The complex includes a shopping mall serviced by 29 escalators and 13 elevators with over 1,000 shops and restaurants. Only three of the seven floors are used as a bus terminal. The main entrances are on the north and east sides of 4th floor. Most intercity buses leave from a departure hall on the north (main) wing on 6th floor. On the 7th floor, which was an addition to the original building, there is a departure hall for local buses (to destinations within Gush Dan) on the north wing, and another departure hall for intercity buses (to destination in the Galilee) on the south wing. The wings of this level are completely separated.

The station serves Egged, Veolia (formerly Connex), Superbus, Metropoline, Afikim and Nateev Express intercity bus routes as well as local Dan, Egged and Kavim city and suburban buses.[citation needed] In 2008, approximately 100,000 people visited the station building every day.[6] In 2018 this number went down to 80,000.[7]

It covers 230,000 m2 and a total area of 44 dunams (44,000 m2).[8][9]

A view of the interior of the bus station in 2021

Tel Aviv central bus station is located near Tel Aviv HaHagana Railway Station, but there is no direct link between them.

Although the Tel Aviv Central Bus station is the largest bus station in Tel Aviv in terms of building size, the Tel Aviv Central Bus Terminal (also known as the "2000 Terminal" and situated next to the Tel Aviv central railway station) handles considerably more bus passengers per day than the Central Bus Station.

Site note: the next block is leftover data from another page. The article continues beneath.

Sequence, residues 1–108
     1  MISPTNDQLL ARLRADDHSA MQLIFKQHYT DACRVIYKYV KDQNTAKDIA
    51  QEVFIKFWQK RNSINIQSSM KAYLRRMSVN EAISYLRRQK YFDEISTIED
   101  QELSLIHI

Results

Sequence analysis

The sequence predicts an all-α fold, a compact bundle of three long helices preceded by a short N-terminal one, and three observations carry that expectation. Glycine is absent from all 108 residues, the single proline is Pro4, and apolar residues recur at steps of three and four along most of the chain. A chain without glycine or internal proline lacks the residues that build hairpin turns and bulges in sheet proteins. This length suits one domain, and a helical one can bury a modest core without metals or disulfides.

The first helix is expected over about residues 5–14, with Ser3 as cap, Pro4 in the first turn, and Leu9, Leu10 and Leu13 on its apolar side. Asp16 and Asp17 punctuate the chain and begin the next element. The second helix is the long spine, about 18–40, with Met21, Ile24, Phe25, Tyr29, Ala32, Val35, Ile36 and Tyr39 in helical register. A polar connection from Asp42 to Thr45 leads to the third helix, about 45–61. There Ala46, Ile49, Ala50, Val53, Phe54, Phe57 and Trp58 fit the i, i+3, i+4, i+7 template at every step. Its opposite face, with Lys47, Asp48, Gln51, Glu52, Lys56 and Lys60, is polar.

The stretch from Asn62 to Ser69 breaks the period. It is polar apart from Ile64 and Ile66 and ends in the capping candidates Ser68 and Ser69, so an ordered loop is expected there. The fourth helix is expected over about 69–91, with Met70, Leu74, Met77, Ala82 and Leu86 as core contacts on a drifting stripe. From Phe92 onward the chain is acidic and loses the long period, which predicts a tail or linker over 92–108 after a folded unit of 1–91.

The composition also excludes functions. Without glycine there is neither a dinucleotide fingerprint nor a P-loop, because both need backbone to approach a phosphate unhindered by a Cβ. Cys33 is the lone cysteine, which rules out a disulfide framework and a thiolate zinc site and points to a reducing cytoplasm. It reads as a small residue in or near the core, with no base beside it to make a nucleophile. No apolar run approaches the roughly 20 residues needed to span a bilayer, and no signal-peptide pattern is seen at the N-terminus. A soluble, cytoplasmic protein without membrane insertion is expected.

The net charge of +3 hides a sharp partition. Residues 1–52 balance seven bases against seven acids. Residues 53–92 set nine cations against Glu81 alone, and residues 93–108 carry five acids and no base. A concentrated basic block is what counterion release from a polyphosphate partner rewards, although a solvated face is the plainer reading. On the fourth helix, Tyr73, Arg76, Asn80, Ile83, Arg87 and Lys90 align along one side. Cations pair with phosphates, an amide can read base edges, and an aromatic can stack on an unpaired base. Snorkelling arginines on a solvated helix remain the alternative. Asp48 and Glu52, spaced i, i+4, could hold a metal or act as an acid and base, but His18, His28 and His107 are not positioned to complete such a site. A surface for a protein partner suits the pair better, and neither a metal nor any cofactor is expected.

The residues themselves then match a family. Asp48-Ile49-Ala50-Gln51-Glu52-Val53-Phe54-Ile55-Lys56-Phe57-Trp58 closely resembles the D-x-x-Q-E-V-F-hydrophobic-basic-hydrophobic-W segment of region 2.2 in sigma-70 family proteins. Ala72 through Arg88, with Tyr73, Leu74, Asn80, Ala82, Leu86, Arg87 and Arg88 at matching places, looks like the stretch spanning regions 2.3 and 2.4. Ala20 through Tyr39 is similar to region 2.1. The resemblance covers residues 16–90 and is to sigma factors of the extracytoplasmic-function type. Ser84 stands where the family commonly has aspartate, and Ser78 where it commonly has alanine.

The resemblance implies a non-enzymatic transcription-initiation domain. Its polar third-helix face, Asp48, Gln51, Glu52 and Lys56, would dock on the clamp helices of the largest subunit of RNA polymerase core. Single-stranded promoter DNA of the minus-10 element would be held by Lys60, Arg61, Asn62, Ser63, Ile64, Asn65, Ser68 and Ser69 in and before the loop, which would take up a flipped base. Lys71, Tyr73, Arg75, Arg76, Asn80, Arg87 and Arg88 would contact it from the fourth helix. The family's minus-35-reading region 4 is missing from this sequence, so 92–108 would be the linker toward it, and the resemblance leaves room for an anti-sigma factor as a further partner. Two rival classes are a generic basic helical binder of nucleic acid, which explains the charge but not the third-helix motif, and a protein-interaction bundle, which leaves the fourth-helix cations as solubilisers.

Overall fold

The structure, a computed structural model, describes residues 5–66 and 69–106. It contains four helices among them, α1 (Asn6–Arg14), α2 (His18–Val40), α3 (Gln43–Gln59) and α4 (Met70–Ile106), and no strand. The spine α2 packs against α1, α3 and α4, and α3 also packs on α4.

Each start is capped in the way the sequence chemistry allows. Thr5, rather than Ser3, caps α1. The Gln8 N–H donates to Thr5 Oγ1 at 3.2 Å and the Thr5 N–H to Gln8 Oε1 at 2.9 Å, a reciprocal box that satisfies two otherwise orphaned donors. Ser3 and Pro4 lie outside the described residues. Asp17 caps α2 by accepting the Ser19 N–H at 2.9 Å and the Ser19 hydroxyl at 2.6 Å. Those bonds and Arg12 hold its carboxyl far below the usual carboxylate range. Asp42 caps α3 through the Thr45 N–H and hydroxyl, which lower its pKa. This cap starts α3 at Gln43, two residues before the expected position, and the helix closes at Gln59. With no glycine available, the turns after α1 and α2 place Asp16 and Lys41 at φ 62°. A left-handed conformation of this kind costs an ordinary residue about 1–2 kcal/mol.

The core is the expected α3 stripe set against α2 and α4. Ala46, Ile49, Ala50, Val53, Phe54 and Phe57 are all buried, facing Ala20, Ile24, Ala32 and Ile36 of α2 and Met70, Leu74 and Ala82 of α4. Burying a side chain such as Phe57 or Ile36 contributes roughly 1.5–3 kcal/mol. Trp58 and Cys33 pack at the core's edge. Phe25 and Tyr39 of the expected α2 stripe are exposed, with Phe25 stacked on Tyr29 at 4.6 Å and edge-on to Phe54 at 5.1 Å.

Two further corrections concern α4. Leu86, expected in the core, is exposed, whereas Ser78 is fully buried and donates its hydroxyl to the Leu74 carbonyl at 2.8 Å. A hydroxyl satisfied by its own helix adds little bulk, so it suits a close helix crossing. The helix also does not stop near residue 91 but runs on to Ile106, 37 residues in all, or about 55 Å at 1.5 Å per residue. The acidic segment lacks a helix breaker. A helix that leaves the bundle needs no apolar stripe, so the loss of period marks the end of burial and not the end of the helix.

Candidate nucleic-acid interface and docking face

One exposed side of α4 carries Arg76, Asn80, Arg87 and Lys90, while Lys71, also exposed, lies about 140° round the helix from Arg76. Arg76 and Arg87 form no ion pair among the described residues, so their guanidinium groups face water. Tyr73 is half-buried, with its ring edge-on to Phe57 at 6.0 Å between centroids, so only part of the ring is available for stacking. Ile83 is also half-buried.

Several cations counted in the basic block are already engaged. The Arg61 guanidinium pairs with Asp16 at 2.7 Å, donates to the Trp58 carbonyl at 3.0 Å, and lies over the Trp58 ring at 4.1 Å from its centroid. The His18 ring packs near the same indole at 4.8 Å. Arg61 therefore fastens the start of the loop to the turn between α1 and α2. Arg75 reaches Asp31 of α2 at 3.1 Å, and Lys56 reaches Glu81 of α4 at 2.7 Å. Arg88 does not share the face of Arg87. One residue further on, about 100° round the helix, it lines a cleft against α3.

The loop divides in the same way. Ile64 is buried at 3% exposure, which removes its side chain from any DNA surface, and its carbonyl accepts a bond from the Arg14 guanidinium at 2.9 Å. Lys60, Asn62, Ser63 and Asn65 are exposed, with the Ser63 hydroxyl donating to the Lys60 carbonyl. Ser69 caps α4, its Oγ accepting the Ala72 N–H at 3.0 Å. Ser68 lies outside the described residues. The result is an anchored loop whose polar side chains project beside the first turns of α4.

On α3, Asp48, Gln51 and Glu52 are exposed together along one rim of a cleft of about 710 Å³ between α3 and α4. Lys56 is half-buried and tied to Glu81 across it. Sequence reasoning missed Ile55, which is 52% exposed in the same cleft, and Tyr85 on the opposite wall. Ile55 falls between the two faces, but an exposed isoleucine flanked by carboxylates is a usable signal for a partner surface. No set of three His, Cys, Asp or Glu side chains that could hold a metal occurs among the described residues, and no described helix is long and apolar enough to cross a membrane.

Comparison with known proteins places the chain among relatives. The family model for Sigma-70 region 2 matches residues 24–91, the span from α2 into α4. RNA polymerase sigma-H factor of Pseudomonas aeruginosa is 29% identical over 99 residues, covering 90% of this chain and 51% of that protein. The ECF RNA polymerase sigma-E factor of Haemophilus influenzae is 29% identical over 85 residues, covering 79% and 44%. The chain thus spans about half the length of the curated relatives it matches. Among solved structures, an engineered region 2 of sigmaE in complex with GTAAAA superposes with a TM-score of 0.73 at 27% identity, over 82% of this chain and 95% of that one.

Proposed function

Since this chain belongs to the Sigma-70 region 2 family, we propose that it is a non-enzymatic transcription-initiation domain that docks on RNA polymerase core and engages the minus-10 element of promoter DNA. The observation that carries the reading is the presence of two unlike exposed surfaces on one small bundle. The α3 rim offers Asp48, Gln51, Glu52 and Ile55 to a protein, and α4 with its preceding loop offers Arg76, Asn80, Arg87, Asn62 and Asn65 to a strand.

Problems and criticism[edit]

The Tel Aviv central bus station has suffered from some neglect and disrepair. As the station is located in the poorest part of the city, numerous drug addicts, prostitutes and homeless people take residence there on occasion. In 2010, there was a murder and three reported cases of rape in the station.[3]

The station has also been criticized for its complicated design which makes it hard to get around, and for being built in a neighborhood that didn't fit its character.[6]

In literature[edit]

The bus station becomes the centre of author Lavie Tidhar's novel Central Station, set in a far-future Tel Aviv in which the station becomes a planetary hub and gateway to the stars. The novel follows the lives of the descendants of the migrant workers who live in the area now.[10]

See also[edit]


  1. ^ a b Atlas Obscura: Tel Aviv Central Bus Station
  2. ^ a b Shani Ashkenazi (2021-10-24). "Court orders Tel Aviv Central Bus Station closed in December 2021". Globes. Retrieved 2021-10-24.
  3. ^ a b c d Tusiya-Cohen, Michal (January 21, 2012). "At the Lowest Point in Tel Aviv: The Sad Story of the New central bus station". Nrg (in Hebrew). Ma'ariv. Retrieved 2012-02-04.
  4. ^ a b Tel Aviv's central bus station: 'There's a society inside the building
  5. ^ "Inside the 'monstrosity,' a gritty, mostly-abandoned bus station in Tel Aviv that's become an oasis for artists and urban explorers".
  6. ^ a b Rubin, Lilach (August 18, 2008). "Fifteen Years to the Opening of the Tel Aviv central bus station". News1 (in Hebrew). Retrieved 2012-02-04.
  7. ^ Buso, Nimrod (February 5, 2018). "אלפי דירות? התחנה המרכזית החדשה תישאר עד 2042" [Thousands of Apartments? The Central Bus Station Will Remain Until 2042]. Calcalist (in Hebrew). Retrieved February 6, 2018.
  8. ^ "Archived copy". Archived from the original on 2010-10-02. Retrieved 2010-09-18.{{cite web}}: CS1 maint: archived copy as title (link)
  9. ^ "On-off bus station now definitely on. (Tel Aviv, Israel's central bus station completed after 26 years of dispute postponements)". Israel Business Today. Online archive at 1993-08-27. Archived from the original on 2010-02-07. Retrieved 2010-02-07.(subscription required)
  10. ^ "Brilliant 'Central Station' is Rich with Detail and Mystery".

Coordinates: 32°3′21″N 34°46′48″E / 32.05583°N 34.78000°E / 32.05583; 34.78000